This is not a process that happens just once. The studio will print out its 3-D designs on a large scale of 1:10 or 1:20 and then redesign them by hand back into the computer program two or three times, which means the designers can spend up to six months developing the CAD renderings. “You could say it’s like music,” he says. “Our designs are played and recorded analogically and then digitally remastered.”
Beyond the innovative exterior styling, it is the interior design of Quattroelle that best highlights the quality that results from German excellence, combined with Italian flair for design. Valentina Zannier is a junior partner in Nuvolari Lenard and the designer responsible for the interior concept. While a few pieces of freestanding furniture were supplied by high-end Italian brands, the bulk of the furniture was custom designed by Zannier and her colleagues. She worked closely with the owners after visiting one of their residences to establish what they liked or disliked in terms of materials and finishes. Given the scale of the project, the joinery and outfitting is by two leading German companies: Gehr and Würtzburger Werkstätten.
“Their house had quite a classic interior, but I was able to guide them in a different direction,” Zannier says. “We started with what kind of woods they preferred and moved on from there to develop a dynamic, yet sober design that best reflected their lifestyle.”
That process took almost a year and the results are breathtaking, so much so that it is impossible to encapsulate the breadth of materials and attention to detail in the space of a magazine article. The overall style also defies a generic description as it includes traits of Art Nouveau and Art Deco, along with elements of Zannier’s own invention. What unites the whole, however, is the relentless pursuit of perfection and a series of recurring themes or motifs.
One such theme is the preponderance of elliptical forms. Sometimes these shapes are on a large scale, as in the stuccoed cornices of the ceiling in the main salon and the immense Murano glass chandelier, supplied by Venini in Venice, over the dining table. More subtle organic forms appear in the joinery of the low tables and cabinet facades. Scenes from nature—birds, fish, blossoms—are another motif, reflected in the glass starfish faucets in the bathrooms or the champagne leaf (oxidized stainless steel) figures of birds perched on branches impressed into the rosewood doors between the salon and dining rooms. Artisans from the U.K., Austria, the Netherlands and Japan were commissioned to execute these artworks. They include Helen Amy Morris, a young British artist who created the wall panels in leather and silk that have been cleverly padded, cut and stitched to provide relief images of roses and other plant life, complete with individual petals and leaves.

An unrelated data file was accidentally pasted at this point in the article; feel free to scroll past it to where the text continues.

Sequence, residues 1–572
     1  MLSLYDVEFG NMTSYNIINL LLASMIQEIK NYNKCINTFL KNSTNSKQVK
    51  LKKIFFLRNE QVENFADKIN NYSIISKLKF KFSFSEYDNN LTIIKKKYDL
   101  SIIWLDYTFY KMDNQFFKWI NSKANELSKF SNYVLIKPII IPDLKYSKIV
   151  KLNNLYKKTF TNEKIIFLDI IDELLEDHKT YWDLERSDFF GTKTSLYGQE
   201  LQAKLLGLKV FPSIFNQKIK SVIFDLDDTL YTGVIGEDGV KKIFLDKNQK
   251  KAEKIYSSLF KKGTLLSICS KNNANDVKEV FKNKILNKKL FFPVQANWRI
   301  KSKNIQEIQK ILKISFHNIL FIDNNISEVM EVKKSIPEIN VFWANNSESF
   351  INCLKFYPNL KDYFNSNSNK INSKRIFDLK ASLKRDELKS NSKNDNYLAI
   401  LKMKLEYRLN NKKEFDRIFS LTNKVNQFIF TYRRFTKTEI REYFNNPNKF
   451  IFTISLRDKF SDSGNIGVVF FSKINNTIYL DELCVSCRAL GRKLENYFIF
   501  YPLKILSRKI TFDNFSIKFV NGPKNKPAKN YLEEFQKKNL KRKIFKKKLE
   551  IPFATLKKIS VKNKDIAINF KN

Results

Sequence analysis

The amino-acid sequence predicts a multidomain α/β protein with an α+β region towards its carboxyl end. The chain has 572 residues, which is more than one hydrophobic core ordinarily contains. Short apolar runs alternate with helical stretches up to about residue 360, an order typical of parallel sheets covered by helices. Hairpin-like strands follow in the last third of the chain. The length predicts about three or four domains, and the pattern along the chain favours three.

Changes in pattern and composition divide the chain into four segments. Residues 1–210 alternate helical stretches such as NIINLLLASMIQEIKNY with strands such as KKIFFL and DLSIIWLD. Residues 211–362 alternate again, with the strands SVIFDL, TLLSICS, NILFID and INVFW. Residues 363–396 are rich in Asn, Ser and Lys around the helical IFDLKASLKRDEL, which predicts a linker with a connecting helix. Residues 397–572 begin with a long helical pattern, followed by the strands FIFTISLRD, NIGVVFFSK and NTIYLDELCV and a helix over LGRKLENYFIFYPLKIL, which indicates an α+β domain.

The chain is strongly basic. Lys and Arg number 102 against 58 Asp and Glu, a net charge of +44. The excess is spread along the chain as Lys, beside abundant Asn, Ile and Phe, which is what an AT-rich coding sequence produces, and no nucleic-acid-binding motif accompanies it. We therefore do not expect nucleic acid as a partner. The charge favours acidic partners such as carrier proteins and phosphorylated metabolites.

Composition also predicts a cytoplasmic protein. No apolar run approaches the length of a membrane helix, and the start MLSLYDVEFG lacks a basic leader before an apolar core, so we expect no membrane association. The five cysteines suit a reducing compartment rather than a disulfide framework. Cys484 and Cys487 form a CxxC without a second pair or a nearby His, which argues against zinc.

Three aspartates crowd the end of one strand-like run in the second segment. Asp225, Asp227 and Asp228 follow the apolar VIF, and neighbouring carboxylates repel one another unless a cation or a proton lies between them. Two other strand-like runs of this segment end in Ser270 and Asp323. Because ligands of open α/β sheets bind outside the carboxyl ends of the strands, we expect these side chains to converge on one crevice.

Zannier drew on a bewildering palette of precious woods and marbles, from vavona, oak, sycamore, rosewood, bamboo and walnut, to onyx, quartzite, alabaster and Botticino marble. Even pressed-straw wall panels are used in a tribute to Jean-Michel Frank, the early 20th century French interior designer celebrated for his tasteful interiors and sumptuous furniture made of precious materials. The wood grains are exquisitely book-matched and juxtaposed to create texture and visual interest. The grain of the vavona floors and doors on the main deck, for example, is arranged in symmetrical waves that could never appear in nature. The solution was to cut the veneers into quarter-inch strips, bend them individually and then glue them together to create the impression of natural, solid wood.